It’s like throwing money down the drain.
Coquitlam families can expect to pay the city about $56 more next year, following council’s approval Monday of 2023 utility rates. The total cost for water, sewer, drainage and solid waste – assuming a 120-litre garbage cart – is projected to be $1,437 in 2023, up from $1,381 in 2022.
Residents who pay a metered rate for water can also expect a bit of sticker shock during the hottest months of 2023. The rate is expected to tick up 34 percent from June 1 to Sept. 30 as Coquitlam switches to a new approach that charges more when reserves are low. The rate for metered customers is slated to rise seven percent over the entire year.
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Coquitlam opted to change the way they charge for water earlier this fall, citing both the massive costs of a water supply expansion project at Coquitlam Lake as well as the 45 percent premium Metro Vancouver charged Coquitlam in the summer of 2022.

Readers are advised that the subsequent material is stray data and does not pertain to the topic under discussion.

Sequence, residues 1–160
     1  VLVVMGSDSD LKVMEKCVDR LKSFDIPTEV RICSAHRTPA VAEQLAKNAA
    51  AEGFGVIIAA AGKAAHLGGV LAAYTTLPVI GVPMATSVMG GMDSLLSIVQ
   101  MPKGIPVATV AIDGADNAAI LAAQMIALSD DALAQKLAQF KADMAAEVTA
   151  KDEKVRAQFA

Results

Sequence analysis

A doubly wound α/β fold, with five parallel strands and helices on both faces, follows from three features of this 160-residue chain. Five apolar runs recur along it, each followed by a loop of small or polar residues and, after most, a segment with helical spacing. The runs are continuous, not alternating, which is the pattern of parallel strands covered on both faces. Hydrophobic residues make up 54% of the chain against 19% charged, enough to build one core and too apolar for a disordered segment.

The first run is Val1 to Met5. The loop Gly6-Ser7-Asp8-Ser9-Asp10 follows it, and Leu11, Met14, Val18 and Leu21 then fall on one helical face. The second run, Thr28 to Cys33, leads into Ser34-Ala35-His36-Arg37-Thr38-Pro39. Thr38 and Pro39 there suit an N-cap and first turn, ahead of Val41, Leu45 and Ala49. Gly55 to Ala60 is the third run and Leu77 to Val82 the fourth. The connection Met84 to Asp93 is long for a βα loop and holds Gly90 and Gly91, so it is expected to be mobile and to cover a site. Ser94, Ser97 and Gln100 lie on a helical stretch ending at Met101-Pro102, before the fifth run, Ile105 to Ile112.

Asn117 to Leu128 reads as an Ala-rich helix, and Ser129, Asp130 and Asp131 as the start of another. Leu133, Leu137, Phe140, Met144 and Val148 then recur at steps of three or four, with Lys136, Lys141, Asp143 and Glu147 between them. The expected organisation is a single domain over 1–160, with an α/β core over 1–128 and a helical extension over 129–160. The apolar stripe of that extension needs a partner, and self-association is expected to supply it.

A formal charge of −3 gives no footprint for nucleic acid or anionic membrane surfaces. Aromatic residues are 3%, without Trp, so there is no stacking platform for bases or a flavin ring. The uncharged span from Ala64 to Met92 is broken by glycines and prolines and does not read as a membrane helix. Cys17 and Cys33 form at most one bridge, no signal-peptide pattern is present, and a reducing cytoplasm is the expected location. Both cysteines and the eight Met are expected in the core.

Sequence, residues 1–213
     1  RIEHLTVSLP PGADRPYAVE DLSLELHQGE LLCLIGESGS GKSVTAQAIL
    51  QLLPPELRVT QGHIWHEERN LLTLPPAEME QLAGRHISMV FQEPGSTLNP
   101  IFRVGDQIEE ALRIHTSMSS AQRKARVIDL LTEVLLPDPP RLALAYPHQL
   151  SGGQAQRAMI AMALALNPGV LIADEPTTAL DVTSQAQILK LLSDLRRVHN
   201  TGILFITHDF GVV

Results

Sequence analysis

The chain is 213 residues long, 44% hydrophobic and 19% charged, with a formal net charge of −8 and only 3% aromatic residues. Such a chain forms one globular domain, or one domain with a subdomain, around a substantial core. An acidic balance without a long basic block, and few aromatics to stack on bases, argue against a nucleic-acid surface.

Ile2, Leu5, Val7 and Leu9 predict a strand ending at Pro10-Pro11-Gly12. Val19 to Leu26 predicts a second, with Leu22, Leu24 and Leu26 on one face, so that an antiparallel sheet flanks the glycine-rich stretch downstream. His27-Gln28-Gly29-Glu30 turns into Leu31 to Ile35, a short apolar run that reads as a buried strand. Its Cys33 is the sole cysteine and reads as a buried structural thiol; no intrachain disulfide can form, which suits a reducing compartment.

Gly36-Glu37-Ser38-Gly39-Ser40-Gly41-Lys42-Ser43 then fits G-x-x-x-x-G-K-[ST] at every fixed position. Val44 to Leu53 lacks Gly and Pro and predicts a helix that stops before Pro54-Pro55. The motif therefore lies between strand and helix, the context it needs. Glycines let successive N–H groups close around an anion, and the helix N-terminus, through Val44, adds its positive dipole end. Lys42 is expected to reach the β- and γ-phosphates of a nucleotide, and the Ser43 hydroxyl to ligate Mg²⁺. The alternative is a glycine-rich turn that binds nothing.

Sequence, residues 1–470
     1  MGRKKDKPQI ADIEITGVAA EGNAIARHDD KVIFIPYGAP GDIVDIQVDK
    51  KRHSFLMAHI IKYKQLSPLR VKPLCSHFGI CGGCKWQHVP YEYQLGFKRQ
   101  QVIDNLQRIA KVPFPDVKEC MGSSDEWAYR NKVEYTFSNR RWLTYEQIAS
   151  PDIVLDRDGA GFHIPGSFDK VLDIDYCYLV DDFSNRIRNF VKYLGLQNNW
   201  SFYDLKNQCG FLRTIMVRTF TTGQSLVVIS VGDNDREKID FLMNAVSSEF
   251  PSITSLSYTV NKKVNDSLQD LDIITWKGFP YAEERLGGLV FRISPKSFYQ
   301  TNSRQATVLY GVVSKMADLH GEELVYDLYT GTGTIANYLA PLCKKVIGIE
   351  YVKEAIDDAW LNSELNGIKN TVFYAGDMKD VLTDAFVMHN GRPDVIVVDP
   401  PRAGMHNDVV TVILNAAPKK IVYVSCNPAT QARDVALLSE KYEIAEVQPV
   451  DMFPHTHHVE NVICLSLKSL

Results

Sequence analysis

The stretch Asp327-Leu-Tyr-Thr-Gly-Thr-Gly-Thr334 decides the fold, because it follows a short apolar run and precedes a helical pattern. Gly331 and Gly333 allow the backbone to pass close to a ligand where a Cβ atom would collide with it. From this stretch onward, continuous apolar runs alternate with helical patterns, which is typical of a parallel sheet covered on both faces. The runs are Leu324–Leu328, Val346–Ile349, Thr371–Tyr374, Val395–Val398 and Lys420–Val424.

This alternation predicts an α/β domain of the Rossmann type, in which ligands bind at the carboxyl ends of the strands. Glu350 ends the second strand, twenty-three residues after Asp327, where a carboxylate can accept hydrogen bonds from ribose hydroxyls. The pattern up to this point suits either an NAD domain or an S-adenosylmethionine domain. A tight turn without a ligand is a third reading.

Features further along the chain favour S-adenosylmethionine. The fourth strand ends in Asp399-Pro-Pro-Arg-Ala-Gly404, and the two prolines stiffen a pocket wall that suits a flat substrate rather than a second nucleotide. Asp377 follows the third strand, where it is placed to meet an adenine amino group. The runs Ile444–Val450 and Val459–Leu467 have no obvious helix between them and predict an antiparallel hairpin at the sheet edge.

Residents who pay the suite rate or the multi-family flat rate can expect to pay an extra four percent in 2023. For residents paying the suite rate, the 2023 bill for water, sewer and drainage is expected to be $465 – an increase of $18 from last year.
The city’s metered rate for sewer and drainage is projected to increase 18 percent.
The city pays Metro Vancouver for water, sewage treatment and solid waste disposal. Metro is set to charge an extra 2.8 percent for water in 2023. However, water is expected to get more expensive in the coming years, with future annual increases ranging from 9 to 14 percent.
Metro Vancouver is slated to increase the sewerage levy by 7.5 percent. With a few big projects on the horizon, Metro Vancouver’ sewerage levy is expected to increase by between 17 and 28 percent in the coming years.
By boosting sewer and drainage by four percent among residents who pay a flat rate and 18 percent among metered customers, the city is planning to create a contingency fund to guard against future Metro Vancouver rate increases.
Coquitlam’s sewer and drainage fees are expected to allocate more money toward a city program designed to keep rainwater out of sewage pipes.
The city has attributed incidents of bubbling sewage in Oakdale to old pipes being infiltrated and overwhelmed with stormwater.
Related: No route, no budget: Sewage line expansion work still to be determined; much to one resident’s chagrin